It can happen to anyone. You’re driving along on the road and unexpectedly you hit a deep pothole, bump the curb, or run over a nail, and suddenly you are faced with tire blowout. You try to steer through it and pull off the road without losing control. Unfortunately, not everyone escapes collision when a tire blows out – and not everyone escapes injury.
The National Highway Traffic Safety Administration (NHTSA) estimates around 400 fatalities every year may be attributed to tire failure. Tire blowouts are said to cause tens of thousands of collisions annually. That’s why it’s vital to check your tires regularly and replace them when warranted to help prevent an unexpected breakdown or even a devastating collision.
Not only does replacing your tires regularly help avoid breakdowns and crashes, according to the NHTSA, tires in good condition also help improve vehicle handling and fuel economy.
Take note of manufacturers recommendation for safety
While guidelines for vehicles and tires may vary, most vehicle manufacturers recommend tires be replaced every six years, regardless of how many miles have been driven on them. Be sure to check your owner’s manual for specific recommendations.
While it might be tempting to keep old tires that otherwise look fine to the eye, be aware of the possibility of dry rot. Even in storage, tires can degrade over time as the oils and chemicals in the rubber compound break down or evaporate as the result of UV exposure. Tires in warm climates and coastal areas also have a reduced life span. Reduced flexibility can lead to cracking, which can lead to tire failure. It’s very dangerous when the tread begins to separate from the tire and can lead to loss of vehicle control.
Complete regular safety checks
It only takes a few minutes each month to check the condition of your tires. While tire life is often dependent on the tire manufacturer and the environment in which they are used, there are general steps the NHTSA recommends you follow every month to ensure safety:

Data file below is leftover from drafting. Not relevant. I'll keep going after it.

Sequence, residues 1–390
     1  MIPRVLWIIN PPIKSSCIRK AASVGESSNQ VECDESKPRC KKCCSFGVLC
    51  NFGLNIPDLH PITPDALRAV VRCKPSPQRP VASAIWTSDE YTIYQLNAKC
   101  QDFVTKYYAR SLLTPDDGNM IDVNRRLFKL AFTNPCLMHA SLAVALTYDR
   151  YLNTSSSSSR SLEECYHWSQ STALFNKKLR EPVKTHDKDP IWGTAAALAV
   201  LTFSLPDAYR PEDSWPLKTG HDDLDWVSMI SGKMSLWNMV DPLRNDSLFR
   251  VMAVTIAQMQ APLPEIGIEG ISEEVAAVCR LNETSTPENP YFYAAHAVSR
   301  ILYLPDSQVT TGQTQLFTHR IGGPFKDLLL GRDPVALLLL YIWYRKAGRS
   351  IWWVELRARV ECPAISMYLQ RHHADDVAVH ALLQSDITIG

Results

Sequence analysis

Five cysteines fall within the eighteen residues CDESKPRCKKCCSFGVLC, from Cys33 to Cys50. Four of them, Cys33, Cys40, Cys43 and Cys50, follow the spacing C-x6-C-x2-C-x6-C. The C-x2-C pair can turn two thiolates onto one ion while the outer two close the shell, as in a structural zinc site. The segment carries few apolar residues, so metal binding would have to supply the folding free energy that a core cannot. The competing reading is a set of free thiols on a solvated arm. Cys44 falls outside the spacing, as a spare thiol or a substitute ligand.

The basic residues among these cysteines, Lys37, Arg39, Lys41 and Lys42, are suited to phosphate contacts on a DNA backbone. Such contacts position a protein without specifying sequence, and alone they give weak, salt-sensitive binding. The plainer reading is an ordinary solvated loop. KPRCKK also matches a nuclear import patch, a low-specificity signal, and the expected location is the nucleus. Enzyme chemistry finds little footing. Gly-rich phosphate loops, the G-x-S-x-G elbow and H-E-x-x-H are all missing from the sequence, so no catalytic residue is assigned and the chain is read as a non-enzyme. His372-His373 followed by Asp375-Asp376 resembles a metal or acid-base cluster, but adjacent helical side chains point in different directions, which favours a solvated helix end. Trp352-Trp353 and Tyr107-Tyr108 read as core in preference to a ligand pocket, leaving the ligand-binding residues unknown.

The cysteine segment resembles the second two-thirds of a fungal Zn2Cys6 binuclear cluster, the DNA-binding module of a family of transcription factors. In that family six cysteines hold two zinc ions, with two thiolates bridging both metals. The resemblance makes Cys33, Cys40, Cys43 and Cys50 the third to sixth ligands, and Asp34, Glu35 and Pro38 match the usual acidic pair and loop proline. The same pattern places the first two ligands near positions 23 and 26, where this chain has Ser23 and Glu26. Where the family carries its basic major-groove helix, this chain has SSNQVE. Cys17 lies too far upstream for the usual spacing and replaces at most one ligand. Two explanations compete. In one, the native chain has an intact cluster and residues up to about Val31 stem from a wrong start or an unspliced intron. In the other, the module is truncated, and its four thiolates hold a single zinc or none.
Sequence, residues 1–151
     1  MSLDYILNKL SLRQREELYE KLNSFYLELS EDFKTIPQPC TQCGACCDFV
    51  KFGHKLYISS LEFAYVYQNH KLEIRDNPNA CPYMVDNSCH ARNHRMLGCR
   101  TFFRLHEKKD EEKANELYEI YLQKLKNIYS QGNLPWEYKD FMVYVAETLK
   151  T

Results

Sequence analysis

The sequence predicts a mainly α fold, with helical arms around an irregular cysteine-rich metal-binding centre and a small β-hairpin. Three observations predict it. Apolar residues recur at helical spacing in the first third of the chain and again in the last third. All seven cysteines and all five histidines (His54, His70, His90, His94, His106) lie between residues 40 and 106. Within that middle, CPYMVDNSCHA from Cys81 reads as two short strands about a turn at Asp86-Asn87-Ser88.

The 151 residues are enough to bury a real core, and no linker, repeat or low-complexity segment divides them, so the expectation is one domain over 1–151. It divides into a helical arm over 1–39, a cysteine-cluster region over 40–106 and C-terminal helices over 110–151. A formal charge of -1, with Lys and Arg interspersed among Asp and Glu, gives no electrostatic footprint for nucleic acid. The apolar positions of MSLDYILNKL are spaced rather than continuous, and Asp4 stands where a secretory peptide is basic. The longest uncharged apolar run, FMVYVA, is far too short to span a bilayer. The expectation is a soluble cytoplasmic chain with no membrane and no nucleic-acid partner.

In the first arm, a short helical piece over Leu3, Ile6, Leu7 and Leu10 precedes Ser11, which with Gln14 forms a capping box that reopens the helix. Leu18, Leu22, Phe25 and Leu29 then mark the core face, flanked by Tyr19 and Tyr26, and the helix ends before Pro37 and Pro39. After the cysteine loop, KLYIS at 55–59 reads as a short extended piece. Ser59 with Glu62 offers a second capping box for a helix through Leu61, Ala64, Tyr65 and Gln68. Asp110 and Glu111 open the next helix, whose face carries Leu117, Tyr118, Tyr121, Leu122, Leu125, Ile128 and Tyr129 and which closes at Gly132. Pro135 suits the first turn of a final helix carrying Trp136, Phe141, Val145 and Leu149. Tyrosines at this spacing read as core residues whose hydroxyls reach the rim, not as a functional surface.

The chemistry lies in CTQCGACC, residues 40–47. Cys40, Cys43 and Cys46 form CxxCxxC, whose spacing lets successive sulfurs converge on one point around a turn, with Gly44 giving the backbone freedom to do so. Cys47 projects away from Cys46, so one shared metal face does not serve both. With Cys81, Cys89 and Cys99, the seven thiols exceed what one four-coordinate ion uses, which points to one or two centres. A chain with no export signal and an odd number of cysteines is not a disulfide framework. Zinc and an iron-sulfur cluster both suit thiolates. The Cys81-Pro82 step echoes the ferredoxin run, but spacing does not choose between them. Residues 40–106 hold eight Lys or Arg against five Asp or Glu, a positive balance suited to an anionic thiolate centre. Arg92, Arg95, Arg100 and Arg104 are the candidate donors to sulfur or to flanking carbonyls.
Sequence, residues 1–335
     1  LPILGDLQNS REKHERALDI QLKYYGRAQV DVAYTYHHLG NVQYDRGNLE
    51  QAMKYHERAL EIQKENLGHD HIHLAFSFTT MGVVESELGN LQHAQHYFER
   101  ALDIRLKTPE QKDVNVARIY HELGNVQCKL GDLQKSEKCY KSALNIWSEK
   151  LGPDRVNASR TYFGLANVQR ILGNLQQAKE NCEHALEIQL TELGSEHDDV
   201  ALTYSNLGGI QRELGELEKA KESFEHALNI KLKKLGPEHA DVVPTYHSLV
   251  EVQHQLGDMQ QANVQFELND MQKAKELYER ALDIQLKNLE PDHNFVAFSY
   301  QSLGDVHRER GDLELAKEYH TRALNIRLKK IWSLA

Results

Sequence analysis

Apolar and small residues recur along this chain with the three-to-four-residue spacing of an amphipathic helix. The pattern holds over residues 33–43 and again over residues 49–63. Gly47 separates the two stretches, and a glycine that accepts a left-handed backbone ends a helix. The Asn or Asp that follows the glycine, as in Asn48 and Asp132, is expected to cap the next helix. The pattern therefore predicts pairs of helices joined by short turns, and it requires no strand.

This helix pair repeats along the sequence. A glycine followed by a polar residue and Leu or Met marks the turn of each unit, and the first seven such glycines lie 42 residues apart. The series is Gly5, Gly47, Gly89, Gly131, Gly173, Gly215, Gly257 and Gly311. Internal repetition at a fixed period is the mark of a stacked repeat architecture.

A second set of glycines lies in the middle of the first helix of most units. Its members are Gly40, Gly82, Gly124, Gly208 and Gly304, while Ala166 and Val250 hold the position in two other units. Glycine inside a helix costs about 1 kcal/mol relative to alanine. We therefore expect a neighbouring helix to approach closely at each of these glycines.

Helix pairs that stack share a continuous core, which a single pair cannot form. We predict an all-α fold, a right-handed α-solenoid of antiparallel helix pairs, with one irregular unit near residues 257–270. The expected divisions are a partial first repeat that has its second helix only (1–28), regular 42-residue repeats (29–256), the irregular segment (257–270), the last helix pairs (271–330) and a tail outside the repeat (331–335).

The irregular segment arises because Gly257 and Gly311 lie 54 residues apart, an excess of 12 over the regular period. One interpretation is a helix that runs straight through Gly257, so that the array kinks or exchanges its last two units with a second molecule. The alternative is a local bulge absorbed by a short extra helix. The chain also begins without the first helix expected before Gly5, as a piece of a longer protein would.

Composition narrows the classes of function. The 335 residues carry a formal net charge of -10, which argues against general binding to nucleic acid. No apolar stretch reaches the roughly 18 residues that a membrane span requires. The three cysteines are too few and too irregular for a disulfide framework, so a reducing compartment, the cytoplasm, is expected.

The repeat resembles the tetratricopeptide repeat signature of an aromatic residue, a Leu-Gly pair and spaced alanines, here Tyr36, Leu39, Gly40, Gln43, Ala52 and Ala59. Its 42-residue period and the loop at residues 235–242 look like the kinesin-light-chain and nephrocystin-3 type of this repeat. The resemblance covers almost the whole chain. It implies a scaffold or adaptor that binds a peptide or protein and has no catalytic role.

- Check the tire pressure of all four tires, including the spare
- Inspect tires for uneven wear patterns on the tread
- Check for cracks, foreign objects, or other signs of wear or trauma
- Remove bits of glass and other foreign objects wedged in the tread
- Make sure your tire valves have valve caps
- Check the tire information placard or owner’s manual for the maximum recommended load for the vehicle
- If you are towing a trailer, remember that some of the weight of the loaded trailer is transferred to the towing vehicle
How do I check my tires for safety?
Tires have built-in treadwear indicators that signify when it is time to replace your tires. Here are some helpful hints from the NHTSA on how to check your tire for uneven wear or worn treads:
- Check out the raised sections spaced intermittently in the bottom of the tread grooves known as the treadwear indicators. You know it’s time to replace your tires when they appear even with the outside of the tread.
- You can also check your wear by inserting a Lincoln penny (head pointing down) into the tread. You will know it’s time to replace your tires if the tread doesn’t cover Lincoln’s head.
If you need any work done, or existing damage repaired, contact the Collision Center of Andover at (316) 733-9310, and we will get you back on the road.